In South Africa, a young Malawian entrepreneur has ventured into his own enterprise in one of the country’s poorest suburbs – defying the odds of starting a business led by a foreign national.
CCTV’s Julie Scheier reports.
A Malawian entrepreneur in South AfricaIn South Africa, a young Malawian entrepreneur has ventured into his own enterprise in one of the country's poorest suburbs - defying the odds of starting a business led by a foreign national. CCTV's Julie Scheier reports.
For the past four years, 29 year old Harold Mkolokosa has run his carpentry in Tembisa township, on the East side of Johannesburg.
Mkolokosa started his shop with only two helpers. Now, he employs seven Malawians full-time.
Mkolokosa, and most of his staff, are self taught – meaning their work must be good, to ensure the business survives the competition.
It’s on the side of Modderfontein Road where Harold and several other foreign nationals have set up shop. It is also where many come to find and create their own jobs.”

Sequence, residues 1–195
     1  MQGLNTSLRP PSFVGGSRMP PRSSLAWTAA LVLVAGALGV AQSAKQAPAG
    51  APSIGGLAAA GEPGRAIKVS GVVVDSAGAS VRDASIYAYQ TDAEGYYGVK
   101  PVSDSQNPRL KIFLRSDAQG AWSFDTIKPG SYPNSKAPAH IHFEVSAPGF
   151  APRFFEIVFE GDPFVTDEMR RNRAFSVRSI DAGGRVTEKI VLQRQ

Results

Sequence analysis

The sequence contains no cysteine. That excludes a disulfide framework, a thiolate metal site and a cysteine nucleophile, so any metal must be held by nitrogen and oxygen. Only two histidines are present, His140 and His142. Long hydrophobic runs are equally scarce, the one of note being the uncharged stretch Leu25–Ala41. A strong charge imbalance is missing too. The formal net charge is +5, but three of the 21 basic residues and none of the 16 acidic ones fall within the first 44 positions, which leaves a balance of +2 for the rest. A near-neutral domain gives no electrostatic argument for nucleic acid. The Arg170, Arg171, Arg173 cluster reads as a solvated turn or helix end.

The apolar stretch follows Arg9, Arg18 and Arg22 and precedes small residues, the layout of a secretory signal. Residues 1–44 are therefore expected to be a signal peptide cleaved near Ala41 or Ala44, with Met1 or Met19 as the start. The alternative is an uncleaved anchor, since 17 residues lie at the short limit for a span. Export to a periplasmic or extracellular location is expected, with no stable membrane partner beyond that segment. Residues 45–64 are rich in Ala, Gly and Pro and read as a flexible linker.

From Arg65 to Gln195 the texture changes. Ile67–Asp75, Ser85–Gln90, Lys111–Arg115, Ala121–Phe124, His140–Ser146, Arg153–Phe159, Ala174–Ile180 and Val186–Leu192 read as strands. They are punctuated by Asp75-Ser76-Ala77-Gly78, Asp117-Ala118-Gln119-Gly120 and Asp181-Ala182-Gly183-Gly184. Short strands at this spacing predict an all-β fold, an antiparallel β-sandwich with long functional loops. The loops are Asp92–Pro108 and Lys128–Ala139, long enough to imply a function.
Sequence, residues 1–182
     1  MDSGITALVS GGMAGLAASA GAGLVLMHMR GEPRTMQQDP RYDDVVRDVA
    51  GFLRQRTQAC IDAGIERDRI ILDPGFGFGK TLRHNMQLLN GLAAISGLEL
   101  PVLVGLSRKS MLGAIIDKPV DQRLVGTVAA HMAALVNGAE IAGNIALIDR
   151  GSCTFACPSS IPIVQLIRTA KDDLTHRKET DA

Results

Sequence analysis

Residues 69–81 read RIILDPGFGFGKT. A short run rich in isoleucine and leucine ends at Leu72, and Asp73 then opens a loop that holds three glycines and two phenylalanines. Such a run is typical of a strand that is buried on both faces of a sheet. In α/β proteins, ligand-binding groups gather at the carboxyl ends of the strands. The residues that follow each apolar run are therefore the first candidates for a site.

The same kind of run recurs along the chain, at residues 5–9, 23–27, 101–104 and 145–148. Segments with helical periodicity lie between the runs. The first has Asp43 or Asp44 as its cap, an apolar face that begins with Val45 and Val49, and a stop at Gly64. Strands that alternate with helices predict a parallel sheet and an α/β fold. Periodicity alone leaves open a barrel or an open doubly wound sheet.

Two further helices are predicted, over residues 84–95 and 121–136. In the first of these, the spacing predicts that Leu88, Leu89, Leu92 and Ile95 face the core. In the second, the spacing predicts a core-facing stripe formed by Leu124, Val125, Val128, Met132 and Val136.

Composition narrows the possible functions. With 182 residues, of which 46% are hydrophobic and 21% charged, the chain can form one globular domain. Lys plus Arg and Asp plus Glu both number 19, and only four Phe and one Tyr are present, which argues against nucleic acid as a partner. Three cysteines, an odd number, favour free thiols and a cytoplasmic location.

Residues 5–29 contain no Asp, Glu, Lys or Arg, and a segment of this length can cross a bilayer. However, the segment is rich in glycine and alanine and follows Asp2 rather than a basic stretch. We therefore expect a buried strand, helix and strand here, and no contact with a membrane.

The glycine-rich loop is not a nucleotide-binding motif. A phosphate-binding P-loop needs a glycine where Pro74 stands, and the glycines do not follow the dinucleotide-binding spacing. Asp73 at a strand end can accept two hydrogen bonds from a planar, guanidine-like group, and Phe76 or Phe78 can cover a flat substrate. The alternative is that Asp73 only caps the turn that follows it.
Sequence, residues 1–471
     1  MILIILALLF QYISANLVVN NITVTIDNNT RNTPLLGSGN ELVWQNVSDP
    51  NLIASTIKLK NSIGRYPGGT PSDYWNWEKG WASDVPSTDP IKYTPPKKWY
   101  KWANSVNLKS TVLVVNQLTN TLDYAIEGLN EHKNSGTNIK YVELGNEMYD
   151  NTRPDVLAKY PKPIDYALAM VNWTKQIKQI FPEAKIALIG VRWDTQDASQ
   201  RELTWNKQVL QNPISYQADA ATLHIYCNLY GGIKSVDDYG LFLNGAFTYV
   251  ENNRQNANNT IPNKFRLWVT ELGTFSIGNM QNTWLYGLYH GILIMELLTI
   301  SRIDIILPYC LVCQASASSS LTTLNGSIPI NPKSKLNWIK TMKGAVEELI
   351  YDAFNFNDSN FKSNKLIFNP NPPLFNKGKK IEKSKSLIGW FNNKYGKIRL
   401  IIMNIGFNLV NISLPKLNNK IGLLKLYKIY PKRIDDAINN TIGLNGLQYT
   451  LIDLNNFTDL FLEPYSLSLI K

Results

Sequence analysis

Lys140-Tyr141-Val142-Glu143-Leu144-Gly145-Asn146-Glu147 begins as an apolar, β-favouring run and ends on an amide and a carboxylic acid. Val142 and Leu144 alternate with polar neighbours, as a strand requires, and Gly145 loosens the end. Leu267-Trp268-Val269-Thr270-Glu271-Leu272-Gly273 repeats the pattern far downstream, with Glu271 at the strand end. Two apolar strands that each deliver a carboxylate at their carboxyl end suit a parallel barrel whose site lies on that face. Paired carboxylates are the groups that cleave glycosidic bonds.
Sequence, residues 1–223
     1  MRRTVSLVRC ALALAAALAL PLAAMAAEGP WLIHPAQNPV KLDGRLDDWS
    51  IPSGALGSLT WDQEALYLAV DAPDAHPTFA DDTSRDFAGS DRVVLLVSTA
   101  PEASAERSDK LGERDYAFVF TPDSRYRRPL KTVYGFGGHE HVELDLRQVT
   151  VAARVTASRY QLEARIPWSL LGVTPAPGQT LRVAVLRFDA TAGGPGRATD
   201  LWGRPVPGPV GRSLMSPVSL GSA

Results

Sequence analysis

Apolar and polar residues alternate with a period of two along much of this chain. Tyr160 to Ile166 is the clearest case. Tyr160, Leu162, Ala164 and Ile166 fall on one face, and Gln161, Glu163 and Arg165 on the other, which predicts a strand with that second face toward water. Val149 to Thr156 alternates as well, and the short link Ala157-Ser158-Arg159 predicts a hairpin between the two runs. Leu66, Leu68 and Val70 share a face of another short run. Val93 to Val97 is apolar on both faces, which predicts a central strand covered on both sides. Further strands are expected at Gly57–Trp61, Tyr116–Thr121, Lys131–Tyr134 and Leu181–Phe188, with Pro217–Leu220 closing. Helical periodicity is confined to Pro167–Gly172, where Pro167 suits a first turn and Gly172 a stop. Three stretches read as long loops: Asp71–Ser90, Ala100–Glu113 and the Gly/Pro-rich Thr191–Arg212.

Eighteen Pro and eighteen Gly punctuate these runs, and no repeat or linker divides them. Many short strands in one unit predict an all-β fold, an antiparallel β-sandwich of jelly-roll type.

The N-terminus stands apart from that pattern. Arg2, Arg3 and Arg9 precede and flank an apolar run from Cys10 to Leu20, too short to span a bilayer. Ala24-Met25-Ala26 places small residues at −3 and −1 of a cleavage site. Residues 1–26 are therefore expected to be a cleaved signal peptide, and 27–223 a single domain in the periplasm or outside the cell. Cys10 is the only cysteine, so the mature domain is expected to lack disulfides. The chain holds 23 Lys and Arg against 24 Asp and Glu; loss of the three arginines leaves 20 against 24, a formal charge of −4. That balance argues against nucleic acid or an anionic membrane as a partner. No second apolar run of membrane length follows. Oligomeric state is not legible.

“On this road you find Mozambicans, Zimbabweans and Malawians, on this road they are all doing carpentry, they all have their own jobs and they can provide for their families,” carpenter Isaac Rashaji said.
But providing for their families isn’t always easy. Many of these international migrants have felt threatened during previous xenophobic attacks, and are often accused of stealing jobs from locals. Even when they hire South Africans.
But however hard life may be for these migrants, the carpentry business on this side of the road is going well. Mkolokosa hopes his clients continue to come back and place more orders.